Thursday, January 28th, 2016 at
Some cool profitable business images:
Sitting on the dock of the bay.
Image by Neil. Moralee
ST. GEORGE’S, Grenada, Mar 19 2012 (IPS) – James Nicholas has always made a living off the sea. A fisherman in the tri-island state of Grenada, Carriacou and Petite Martinique, he recalls the profitable business of selling his daily catch to residents and restaurants on the island and even exporting fish to luxury hotels in neighbouring ones.
But things have changed in recent times. Local experts are blaming conditions associated with climate change, insisting that they have led to a significant depletion of the local fishing stock.
At its peak in 2010, the fishing industry here employed an estimated 4,000 people and pumped 5.2 million dollars into the economy from exports alone.
“Growing up, we had an abundance of fish around the coastal areas,” Nicholas, who now serves as chairman of the Southern Fishermen Association, one of the groups representing fisher folk here, told IPS. Now, “some of the species have disappeared entirely.”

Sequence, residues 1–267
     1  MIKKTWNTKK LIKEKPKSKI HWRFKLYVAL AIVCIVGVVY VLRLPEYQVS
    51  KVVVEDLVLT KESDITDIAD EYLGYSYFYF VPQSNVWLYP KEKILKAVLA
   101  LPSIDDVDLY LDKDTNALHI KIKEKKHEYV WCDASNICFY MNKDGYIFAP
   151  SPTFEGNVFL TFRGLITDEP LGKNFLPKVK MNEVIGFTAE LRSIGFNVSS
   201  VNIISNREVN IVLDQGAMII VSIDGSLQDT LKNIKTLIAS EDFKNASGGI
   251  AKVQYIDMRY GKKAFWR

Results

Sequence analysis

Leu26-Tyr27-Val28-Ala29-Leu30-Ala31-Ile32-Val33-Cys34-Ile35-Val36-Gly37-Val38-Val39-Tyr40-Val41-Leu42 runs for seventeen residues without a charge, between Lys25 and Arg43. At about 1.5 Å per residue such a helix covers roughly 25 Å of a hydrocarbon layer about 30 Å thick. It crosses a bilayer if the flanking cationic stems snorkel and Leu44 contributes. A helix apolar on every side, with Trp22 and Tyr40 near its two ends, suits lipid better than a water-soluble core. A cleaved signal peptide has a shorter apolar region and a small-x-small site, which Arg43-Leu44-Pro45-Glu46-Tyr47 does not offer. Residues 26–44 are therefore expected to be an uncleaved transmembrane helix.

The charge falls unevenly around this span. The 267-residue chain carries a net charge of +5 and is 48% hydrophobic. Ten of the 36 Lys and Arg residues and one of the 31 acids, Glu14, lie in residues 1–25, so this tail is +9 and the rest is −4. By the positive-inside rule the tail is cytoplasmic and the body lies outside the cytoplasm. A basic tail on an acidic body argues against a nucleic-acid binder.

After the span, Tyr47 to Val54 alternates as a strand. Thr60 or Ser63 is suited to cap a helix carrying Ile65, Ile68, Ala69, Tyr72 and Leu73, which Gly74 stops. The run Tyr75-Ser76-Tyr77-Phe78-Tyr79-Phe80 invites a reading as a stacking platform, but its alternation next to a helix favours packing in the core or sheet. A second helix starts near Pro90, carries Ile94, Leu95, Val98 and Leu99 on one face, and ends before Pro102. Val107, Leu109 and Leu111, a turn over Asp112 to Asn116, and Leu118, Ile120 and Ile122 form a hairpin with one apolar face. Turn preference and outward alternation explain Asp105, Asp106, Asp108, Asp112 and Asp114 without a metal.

“Recently I was counting maybe about eight species that are totally gone. I can’t say it is climate change because I am not a scientist; I just have to go along with what the scientists are saying.”
One thing is certain, though. Nicholas said his members have been catching less and less fish, a decrease that is taking a financial toll on them.
"(Sittin’ On) The Dock of the Bay" is a song co-written by soul singer Otis Redding and guitarist Steve Cropper. It was first recorded by Otis Redding in 1967, days before his death on December 10, 1967 in a plane crash in Wisconsin that killed everyone onboard except Ben Cauley, the trumpeter in the band. It was released posthumously on Stax Records’ Volt label in 1968, becoming the first posthumous single to top the charts in the US.nIt charted at number 3 on the UK Singles Chart.
ch32 Easy, Safe, Profitable, and Pleasant – Kempton’s Review/Best of “The Snowball: Warren Buffett and the Business of Life”
Image by k-ideas
Here is my review/"best of" the book,
Kempton’s Best of “The Snowball: Warren Buffett and the Business of Life”